Black walnut, Juglans nigra, is so close a relative to the European or English walnut, Juglans regia, that the herbalists often talk about, and use, them synonymously.
Juglans nigra is native to North America and was used by Native Americans for food, wood and medicine. The green hull was sought after for its reputed medicinal virtues, but there is a warning in Grieve's description: 'The husk, shell and peel are sudorific, especially if used when the Walnuts are green. Whilst unripe, the nut has wormdestroying virtues.'
The German Commission E has concluded that 'Since the effectiveness for the claimed uses is not documented and risks are known, the application of walnut hull preparations cannot be justified.'
Use of Walnut hulls is best confined to their insect-repelling and dying functions.
Grieve's classic 'A Modern Herbal': 'No insects will touch the leaves of the Walnut, which yield a brown dye, which gypsies use to stain their skin. It is said to contain iodine.'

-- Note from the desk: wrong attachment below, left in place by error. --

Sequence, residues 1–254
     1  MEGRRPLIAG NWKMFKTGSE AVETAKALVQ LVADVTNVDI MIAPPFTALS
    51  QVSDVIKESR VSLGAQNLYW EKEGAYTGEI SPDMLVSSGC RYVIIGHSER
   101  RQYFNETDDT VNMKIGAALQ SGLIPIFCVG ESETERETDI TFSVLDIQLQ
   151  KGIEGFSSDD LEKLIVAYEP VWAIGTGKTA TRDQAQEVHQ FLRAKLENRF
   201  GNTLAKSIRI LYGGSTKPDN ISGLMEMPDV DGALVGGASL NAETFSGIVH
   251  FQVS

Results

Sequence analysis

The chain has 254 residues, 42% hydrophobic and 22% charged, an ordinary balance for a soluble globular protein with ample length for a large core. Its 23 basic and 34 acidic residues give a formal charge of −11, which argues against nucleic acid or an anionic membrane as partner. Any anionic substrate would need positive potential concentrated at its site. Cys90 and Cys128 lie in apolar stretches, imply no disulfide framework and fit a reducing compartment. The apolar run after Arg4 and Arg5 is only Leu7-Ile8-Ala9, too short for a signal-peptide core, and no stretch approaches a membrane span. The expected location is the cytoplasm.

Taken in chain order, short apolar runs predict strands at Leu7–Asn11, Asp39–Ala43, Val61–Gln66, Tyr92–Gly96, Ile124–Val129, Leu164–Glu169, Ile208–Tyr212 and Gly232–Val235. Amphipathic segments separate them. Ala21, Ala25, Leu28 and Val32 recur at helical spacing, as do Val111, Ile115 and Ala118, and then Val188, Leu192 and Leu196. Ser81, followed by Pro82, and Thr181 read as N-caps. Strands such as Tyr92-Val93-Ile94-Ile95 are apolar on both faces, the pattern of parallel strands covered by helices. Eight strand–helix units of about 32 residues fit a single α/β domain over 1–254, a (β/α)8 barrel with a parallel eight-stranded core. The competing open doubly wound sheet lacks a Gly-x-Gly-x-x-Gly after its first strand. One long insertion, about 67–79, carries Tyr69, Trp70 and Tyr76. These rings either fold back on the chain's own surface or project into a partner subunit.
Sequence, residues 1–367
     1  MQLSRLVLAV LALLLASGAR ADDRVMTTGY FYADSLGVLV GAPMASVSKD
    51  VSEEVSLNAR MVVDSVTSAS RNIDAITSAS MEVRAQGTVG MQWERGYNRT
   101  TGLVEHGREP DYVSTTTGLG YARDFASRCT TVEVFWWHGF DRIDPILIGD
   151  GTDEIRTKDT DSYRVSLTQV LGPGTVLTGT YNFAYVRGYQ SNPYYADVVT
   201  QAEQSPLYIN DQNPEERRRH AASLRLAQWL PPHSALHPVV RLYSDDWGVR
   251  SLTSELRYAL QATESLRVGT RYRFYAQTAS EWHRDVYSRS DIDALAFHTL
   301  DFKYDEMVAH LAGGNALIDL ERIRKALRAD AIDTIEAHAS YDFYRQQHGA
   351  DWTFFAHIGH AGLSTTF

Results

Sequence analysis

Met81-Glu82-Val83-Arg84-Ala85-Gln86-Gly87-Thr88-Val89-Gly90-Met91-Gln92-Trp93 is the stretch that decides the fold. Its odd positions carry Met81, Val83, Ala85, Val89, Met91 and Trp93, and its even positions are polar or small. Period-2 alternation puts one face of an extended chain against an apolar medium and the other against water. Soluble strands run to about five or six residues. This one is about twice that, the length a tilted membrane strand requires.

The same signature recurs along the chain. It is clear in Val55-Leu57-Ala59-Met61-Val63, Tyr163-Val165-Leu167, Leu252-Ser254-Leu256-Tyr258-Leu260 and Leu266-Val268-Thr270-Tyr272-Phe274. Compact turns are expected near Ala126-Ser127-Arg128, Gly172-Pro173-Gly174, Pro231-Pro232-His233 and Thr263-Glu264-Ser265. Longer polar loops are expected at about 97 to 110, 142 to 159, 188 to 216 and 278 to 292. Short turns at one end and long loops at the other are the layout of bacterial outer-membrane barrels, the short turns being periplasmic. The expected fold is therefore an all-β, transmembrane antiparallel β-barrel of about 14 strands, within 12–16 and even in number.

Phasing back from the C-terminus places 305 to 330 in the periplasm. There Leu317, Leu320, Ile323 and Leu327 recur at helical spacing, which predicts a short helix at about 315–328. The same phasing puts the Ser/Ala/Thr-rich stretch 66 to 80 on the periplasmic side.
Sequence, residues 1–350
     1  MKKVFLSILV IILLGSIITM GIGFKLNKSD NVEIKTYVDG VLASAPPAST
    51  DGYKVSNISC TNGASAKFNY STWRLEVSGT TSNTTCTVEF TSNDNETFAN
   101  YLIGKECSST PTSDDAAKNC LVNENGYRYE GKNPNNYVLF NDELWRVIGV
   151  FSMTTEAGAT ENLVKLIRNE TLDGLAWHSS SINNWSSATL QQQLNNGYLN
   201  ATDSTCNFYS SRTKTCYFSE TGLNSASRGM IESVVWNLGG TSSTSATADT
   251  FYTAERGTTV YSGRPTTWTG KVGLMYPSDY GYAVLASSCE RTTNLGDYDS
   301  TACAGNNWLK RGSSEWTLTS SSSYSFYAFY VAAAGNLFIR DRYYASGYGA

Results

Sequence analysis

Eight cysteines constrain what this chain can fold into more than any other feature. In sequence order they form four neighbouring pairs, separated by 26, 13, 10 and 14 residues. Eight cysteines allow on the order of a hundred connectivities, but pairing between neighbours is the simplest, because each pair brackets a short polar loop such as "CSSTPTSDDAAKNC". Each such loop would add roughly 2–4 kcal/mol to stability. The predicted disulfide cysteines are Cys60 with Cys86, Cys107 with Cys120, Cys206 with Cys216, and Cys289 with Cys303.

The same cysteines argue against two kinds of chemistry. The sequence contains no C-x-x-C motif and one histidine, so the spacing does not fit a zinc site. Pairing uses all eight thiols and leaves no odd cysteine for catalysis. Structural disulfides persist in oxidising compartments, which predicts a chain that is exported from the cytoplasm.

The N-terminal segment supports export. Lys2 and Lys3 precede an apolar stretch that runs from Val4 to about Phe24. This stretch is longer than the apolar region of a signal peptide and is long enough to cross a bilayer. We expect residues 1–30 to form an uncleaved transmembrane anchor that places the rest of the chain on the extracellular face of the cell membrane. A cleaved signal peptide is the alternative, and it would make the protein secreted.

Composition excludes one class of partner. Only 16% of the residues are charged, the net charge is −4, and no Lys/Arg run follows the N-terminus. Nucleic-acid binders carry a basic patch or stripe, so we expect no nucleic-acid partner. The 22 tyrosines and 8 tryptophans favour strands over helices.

'The husks and leaves, macerated in warm water impart to it an intense bitterness, which will destroy all worms (if the liquid be poured on to lawns and grass walks) without injuring the grass itself.'
'The green husks of the fruit, boiled, make a good yellow dye.'
Walnut Hull Basket Dye:
Walnut hulls makes a brown basket dye. Boil the crushed hulls in a stocking or other mesh holder, then let cool and soak overnight. Immerse your basket in the dye liquor – the longer the immersion, the darker the stain. The stain can also be painted or sprayed. The hulls are reusable and will make more than one batch of dye.
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